26 terms

Intro to Ecology - vocab only

Biology Chapter 3 Miller
consists of all life on Earth and all parts of the Earth in which life exists, including land, water, and the atmosphere
the scientific study of interactions among organisms and between organisms and their physical environment
biotic factor
biological influences; any living part of the environment with which an organism might interact, including mushrooms, plants, and bacteria
abiotic factor
physical components of an ecosystem; nonliving parts of the environment such as sunlight, heat, precipitation, humidity, wind, or water currents, soil type, etc.
organisms that can convert energy from sunlight or chemicals to produce their own "food"
primary producers
the first producers of energy-rich compounds that are later used by other organisms
captures light energy and uses it to power chemical reactions that convert carbon dioxide and water into oxygen and energy-rich carbohydrates such as sugars and starches
process of converting chemical energy into carbohydrates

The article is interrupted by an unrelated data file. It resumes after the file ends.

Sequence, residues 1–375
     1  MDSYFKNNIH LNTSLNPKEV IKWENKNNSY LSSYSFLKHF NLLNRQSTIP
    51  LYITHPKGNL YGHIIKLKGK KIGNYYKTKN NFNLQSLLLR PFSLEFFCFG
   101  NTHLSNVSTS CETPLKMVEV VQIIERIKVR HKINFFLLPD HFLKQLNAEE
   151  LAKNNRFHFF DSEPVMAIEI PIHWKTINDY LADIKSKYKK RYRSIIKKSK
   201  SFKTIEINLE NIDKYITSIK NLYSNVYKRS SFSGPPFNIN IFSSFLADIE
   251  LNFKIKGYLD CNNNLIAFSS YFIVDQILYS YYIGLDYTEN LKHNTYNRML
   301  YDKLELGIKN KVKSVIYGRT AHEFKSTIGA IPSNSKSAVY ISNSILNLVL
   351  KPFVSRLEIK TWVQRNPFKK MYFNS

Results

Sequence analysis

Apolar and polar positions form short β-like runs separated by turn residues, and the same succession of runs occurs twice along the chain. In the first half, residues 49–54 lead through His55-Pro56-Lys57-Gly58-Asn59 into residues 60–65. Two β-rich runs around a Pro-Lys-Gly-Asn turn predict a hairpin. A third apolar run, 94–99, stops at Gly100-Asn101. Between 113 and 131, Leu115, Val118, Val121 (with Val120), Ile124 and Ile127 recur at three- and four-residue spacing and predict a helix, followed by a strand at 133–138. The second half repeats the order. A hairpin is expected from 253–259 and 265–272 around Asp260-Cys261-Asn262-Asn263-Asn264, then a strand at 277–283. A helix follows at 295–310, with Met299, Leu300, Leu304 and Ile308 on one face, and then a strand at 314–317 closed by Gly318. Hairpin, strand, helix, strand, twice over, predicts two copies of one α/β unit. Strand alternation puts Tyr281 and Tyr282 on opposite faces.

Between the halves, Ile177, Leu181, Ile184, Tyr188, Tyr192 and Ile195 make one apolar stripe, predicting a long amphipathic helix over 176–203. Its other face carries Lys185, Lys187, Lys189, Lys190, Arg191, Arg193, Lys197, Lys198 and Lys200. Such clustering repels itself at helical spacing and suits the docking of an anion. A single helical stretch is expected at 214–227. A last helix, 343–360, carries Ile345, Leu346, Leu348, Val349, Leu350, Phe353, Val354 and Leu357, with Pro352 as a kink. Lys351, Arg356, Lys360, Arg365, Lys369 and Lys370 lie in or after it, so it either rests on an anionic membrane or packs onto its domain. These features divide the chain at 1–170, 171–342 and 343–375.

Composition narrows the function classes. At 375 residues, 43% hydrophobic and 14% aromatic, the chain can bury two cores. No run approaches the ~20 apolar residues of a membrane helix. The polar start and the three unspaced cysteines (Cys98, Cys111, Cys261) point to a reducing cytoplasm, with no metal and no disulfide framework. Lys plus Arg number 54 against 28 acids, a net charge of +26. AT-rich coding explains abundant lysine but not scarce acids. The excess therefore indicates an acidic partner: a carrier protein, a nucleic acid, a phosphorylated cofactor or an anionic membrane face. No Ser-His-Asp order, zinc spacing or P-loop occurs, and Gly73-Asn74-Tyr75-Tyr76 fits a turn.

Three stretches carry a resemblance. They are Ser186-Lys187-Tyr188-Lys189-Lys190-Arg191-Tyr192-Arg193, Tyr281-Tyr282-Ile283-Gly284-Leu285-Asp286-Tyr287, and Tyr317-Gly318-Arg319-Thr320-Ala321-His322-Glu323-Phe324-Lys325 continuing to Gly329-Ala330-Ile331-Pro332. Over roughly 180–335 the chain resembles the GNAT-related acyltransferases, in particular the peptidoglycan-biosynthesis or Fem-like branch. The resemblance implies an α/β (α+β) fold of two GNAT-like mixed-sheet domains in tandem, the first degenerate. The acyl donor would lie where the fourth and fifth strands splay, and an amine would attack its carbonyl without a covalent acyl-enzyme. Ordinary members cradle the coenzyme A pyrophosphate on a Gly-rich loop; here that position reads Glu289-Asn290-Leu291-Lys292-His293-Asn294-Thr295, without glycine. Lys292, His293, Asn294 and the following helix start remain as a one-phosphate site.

organisms that must rely on other organisms for energy and nutrients
another word for heterotrophs
animals that kill and eat other animals
animals that only eat plants
animals which find dead animals to eat
animals that eat both plants and animals
includes worms, crickets, and fungus, they "feed" by breaking down dead, organic matter
feed on detritus particles, further breaking down large particles into smaller ones; also digest the decomposers that live on, and in, detritus particles
food chain
a series of steps that details the order of organisms eating and being eaten by other organisms
floating algae, Microscopic, free-floating, autotrophic organisms that function as producers in aquatic ecosystems
food web
network of feeding interactions that includes multiple intertwined food chains within an ecosystem
small, swimming animals, microscopic animals that swim or drift near the surface of aquatic environments
trophic level
each step found within a food chain or food web
measured in grams of organic matter per unit area
biochemical cycles
cycles of matter that involve biological processes, geological processes, and chemical processes; as matter moves through the cycles, it is transformed- never created or destroyed, just changed
nitrogen fixation
process used by certain forms of bacteria in which nitrogen gas is converted into ammonia
process of obtaining energy by some bacteria which involves converting nitrates into nitrogen gas which is released into the atmosphere
limiting nutrient
the nutrient that is found in the shortest supply, limiting productivity of an ecosystem